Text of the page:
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The story of SNFU, the most successful punk band to emerge from Alberta, is not unlike your typical three-act narrative.
It starts with scrappy Edmonton kids taking the hardcore world by storm in the ’80s, proceeds into the ’90s when SNFU reaches its highest commercial heights during the mainstream SoCal punk explosion, and winds into the present, facing strife, personal struggles and dissolution along the way.
For Chris Walter it was a tale that needed to be told. The heavily tattooed author, who specializes in punk-focused books, has known the core members since the band’s inception in 1981 and was itching to document its career.
The only obstacle was another writer who had the same plan.
“There was another guy who was working on a book and I didn’t want to cut his grass,” says Walter from his home in Vancouver. “He was taking too long and I decided I had waited long enough. It was an incredible story and nobody was doing it.”
While the 2010 documentary Open Your Mouth and Say… My Chi Pig focused on lead singer Chi Pig and his personal battles with addiction, Walter’s book gives the whole band a chance to recount SNFU’s sprawling history of endless tours and music industry intrigue.
The book also illustrates just how unique SNFU was within the punk genre. First, as a Canadian band with a gay Asian frontman, they skipped the typical ’80s anti-Reaganisn and wrote songs like “Victims of the Womanizer,” which ripped apart macho concepts of male conquest. Second, after an ill-advised breakup and reformation, there was the band’s pressure-filled Epitaph years in the ’90s when SNFU created off-kilter punk while sharing a label with mainstream heavyweights like Bad Religion and Offspring. (“Painful Reminder,” off 1993’s Something Green and Leafy this Way Comes, is a poignant slow-burn rocker that is one of the band’s most enduring fan favourites, even though it sounds almost nothing like what was considered punk in that decade.)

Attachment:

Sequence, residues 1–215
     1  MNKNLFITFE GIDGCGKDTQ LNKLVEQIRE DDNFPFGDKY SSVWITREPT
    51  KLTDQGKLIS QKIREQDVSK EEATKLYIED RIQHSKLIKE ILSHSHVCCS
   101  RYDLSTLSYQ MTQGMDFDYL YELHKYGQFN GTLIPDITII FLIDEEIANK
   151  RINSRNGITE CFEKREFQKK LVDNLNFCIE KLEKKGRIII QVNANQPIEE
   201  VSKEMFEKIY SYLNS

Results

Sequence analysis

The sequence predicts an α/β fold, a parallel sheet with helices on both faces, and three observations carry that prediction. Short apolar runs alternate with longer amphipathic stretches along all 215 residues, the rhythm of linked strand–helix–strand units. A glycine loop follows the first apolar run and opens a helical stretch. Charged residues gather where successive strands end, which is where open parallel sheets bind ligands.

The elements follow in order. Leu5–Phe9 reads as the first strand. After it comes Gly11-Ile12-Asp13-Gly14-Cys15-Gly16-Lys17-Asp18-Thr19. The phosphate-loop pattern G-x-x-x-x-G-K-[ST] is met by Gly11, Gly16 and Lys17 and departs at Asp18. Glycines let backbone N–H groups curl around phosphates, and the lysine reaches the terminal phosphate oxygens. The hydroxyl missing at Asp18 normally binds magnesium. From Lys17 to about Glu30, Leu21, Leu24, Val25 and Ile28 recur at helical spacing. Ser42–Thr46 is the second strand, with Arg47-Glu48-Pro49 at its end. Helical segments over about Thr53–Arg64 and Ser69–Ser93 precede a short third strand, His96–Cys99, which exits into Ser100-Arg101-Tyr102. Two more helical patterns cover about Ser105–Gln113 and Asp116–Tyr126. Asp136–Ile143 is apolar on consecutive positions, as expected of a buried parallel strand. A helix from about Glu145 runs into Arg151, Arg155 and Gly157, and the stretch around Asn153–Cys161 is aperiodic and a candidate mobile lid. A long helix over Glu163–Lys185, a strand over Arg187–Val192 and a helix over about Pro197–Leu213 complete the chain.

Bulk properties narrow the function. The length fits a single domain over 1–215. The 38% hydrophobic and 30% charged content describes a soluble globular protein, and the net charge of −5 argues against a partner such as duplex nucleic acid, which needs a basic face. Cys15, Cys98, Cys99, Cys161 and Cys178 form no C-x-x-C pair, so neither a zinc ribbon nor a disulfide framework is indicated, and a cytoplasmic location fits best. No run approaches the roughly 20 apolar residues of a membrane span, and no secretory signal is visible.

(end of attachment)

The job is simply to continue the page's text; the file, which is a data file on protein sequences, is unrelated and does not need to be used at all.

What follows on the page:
“SNFU were a bit too offbeat for the American masses,” says Walter. “Even Marc and Brent’s (co-founding guitarists Marc and Brent Belke) guitar lines weren’t as formulaic.... Some of the songs on Something Green and Leafy are fairly experimental.”
Despite in-fighting and turmoil, the band released In the Meantime and In Between Time in 2004, thanks mostly to Marc Belke’s perseverance. He disbanded the group soon after due to Chi’s increased substance abuse, though the singer refuses to acknowledge the end and still sporadically tours under the SNFU banner with a group of ringers.
Chi Pig’s health issues were the reason behind a tour cancellation this summer and, as Walter points out, the saga is still unfolding. Walter, however, is ready to move on.
“It was emotionally draining,” he says. “When it was done I felt worn out; not just physically but emotionally. It was like I was with them when they went through all that shit.”